Well, that was fast. Clyde King is done. I deliberately tried to make it short and short it was. After the first writing, it came in at just over two thousand words but I really enjoy it for what it is. Clyde is the opposite of Ark, there isn't a city in sight, and nobody has any super vampire powers. It's lovely.
This raises a new question for me obviously: Now what the hell am I supposed to do? I'm going to rip through these twenty-or-so ideas that are written down in no time if I don't turn one into another book. I'd really like to move forward in getting things in print so maybe that will eat up some time eventually. Employment will probably cut into my writing time in the near future as well (hopefully).
On a side note, I finished Stephen King's On Writing last night and I thoroughly enjoyed it. The first half is about his childhood and the steps he took to becoming the nutjob that he is today. I wish I had started seriously doing this sooner like he did. He sold his stories to classmates in middle school, sent in short stories for publication during high school and had his first novel published before he was my age. I know that it's stupid to compare my experiences with one of today's most prolific writers, but it's hard not to when everything in your life is one big regret anyway. I'll just staple "not trying hard enough to write" to the bottom of the list.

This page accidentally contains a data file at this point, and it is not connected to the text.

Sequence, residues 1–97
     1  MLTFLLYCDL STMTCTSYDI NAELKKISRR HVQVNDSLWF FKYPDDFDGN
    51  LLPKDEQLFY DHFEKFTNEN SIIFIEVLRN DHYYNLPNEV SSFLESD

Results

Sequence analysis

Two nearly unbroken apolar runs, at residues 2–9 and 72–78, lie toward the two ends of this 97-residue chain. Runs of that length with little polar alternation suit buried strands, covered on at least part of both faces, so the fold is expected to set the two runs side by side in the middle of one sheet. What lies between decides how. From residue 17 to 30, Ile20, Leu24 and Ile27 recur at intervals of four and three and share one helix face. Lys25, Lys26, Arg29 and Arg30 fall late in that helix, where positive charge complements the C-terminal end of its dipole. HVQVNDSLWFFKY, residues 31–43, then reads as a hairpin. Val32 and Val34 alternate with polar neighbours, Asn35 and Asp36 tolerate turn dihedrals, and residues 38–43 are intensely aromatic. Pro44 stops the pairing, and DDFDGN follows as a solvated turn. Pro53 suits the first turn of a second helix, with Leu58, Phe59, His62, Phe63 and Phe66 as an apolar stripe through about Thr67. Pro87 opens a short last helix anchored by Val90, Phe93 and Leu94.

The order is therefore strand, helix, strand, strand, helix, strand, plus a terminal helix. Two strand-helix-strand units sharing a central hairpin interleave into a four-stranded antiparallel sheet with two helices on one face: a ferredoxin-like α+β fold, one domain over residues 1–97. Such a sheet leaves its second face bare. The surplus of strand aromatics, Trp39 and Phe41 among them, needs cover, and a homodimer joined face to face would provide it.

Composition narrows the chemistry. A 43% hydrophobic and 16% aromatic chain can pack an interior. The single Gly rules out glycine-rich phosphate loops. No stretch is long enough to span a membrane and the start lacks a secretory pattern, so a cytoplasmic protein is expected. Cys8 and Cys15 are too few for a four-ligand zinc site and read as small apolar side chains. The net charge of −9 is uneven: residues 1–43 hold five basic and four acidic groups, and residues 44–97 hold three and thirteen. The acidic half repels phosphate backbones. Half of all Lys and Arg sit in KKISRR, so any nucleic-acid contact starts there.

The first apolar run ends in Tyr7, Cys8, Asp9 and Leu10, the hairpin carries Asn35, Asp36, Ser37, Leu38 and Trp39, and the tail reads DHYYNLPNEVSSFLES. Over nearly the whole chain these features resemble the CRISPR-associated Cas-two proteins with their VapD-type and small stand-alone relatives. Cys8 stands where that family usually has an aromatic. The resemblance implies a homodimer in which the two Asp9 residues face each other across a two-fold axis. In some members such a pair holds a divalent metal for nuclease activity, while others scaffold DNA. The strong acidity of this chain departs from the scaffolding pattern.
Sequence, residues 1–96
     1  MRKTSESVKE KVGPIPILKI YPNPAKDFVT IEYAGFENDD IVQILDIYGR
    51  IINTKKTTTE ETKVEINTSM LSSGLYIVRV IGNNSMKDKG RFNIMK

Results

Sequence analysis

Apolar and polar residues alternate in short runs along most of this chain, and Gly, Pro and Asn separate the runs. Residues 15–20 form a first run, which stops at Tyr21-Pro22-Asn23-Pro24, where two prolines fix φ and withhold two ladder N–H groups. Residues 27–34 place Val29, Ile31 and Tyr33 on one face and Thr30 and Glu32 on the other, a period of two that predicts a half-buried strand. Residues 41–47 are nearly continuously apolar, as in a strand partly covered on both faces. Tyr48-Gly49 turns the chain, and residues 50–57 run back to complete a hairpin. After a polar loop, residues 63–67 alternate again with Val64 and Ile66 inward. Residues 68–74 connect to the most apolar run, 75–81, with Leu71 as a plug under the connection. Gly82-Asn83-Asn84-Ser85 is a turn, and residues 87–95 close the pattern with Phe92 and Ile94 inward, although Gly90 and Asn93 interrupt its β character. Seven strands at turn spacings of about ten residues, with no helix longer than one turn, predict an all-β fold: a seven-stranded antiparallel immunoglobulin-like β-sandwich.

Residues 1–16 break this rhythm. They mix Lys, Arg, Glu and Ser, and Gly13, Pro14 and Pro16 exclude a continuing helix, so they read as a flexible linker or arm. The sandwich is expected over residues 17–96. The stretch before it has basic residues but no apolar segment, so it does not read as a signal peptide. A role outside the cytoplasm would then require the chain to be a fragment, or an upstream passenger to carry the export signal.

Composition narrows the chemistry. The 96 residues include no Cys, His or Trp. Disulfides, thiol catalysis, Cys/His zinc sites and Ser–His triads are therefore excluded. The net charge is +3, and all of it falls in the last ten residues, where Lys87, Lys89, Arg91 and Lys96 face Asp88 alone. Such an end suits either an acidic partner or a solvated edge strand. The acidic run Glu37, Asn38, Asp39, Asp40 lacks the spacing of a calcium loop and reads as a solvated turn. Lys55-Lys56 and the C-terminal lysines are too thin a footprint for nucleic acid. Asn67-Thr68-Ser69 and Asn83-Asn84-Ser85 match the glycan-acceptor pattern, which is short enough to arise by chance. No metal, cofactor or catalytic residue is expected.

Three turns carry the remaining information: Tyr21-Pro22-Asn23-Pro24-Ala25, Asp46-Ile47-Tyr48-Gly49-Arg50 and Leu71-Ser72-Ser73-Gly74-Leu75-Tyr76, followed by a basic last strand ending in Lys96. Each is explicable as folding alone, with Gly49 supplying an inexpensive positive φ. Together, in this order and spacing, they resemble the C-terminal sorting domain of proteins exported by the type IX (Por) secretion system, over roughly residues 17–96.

As I admitted to someone during my time reading, I'm a little scared by what he wrote. Mere minutes after having written the post And Now For Something Completely Different, I read a suggestion from the book as to what to do once you complete a your writing. Let's see if I can find it. Ah, here it is:
"My advice is... go to work on something else. Something shorter, preferably, and something that's a complete change of direction and pace from your newly finished book."
You don't say? There's also a piece in there where he mentions that when he writes he comes up with an idea, sits at a word processor, and then writes down what he sees happen in the movie projector in his mind. Sometimes it goes where he anticipated and sometimes it doesn't, much like being at the movies. It creeps me out because I think I may have described this word for word to a significant other of mine at one point. months or years ago. Maybe it's normal for writers to work that; I almost hope so. I'm not sure I want to have the same issues going on in my head that King has. Sure he's successful, but I think he'd be the first to admit he's a little crazy.